When to Refinance Student Loans—and When Not To

A student loan expert walks us through the basics of refinancing student loans: when it makes sense, and, more importantly, when it doesn't.

A recent graduate reviews her finances.
(Image credit: Getty)

When President Biden announced targeted student loan debt forgiveness on August 24, 2022, millions of federal borrowers heaved a sigh of relief. Assuming every eligible person takes advantage of the forgiveness, roughly 20 million people will have their federal student loans discharged. That’s great news! But, there will still be millions of borrowers left with a remaining balance. If you fall in this category, it is important to think about what comes next, because there is still work to do. That’s why we reached out to personal finance company SoFi, asking for a CFP’s take on when to refinance your student loans.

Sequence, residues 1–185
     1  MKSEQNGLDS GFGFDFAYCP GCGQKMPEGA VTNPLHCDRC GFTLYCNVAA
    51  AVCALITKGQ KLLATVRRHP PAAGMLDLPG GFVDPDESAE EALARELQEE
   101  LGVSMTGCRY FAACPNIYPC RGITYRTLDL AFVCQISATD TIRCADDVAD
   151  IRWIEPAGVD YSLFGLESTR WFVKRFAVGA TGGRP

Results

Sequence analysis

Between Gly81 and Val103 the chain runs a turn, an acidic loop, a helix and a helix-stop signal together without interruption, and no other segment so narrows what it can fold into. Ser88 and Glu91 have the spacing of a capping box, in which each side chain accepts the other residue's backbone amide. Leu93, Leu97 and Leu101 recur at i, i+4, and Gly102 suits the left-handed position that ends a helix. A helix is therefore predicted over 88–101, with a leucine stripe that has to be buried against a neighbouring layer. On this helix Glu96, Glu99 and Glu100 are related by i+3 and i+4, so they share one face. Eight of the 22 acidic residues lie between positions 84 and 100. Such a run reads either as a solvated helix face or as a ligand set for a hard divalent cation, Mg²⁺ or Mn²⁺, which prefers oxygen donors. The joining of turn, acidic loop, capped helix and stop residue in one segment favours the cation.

“Refinancing is a common approach to make paying back your federal or private student loans more efficient,” explains Brian Walsh, Senior Manager of Financial Planning and Certified Financial Planner at SoFi. “Over the years, millions of borrowers—including my wife and me—have refinanced their student loans to save money on interest, pay off their loans sooner, or lower their current monthly payments. These benefits are amazing, but that doesn’t mean that refinancing is a magic solution or the best choice for everyone.” As a certified financial planner at SoFi, Walsh’s goal is to help its members reach financial independence and create a financial game plan that they feel good about. 

In this article, Walsh walks us through the basics of refinancing student loans, when it makes sense, and more importantly, when it doesn't. 

What Is Student Loan Refinancing?

When you refinance a student loan, whether it's federal or private, you are taking out a new student loan with a private lender that is used to pay off some or all of your existing student loan debt. Essentially, the loans that you refinance are gone and replaced with your new student loan. Ideally, your new loan aligns with your goals by having a lower interest rate or monthly payment.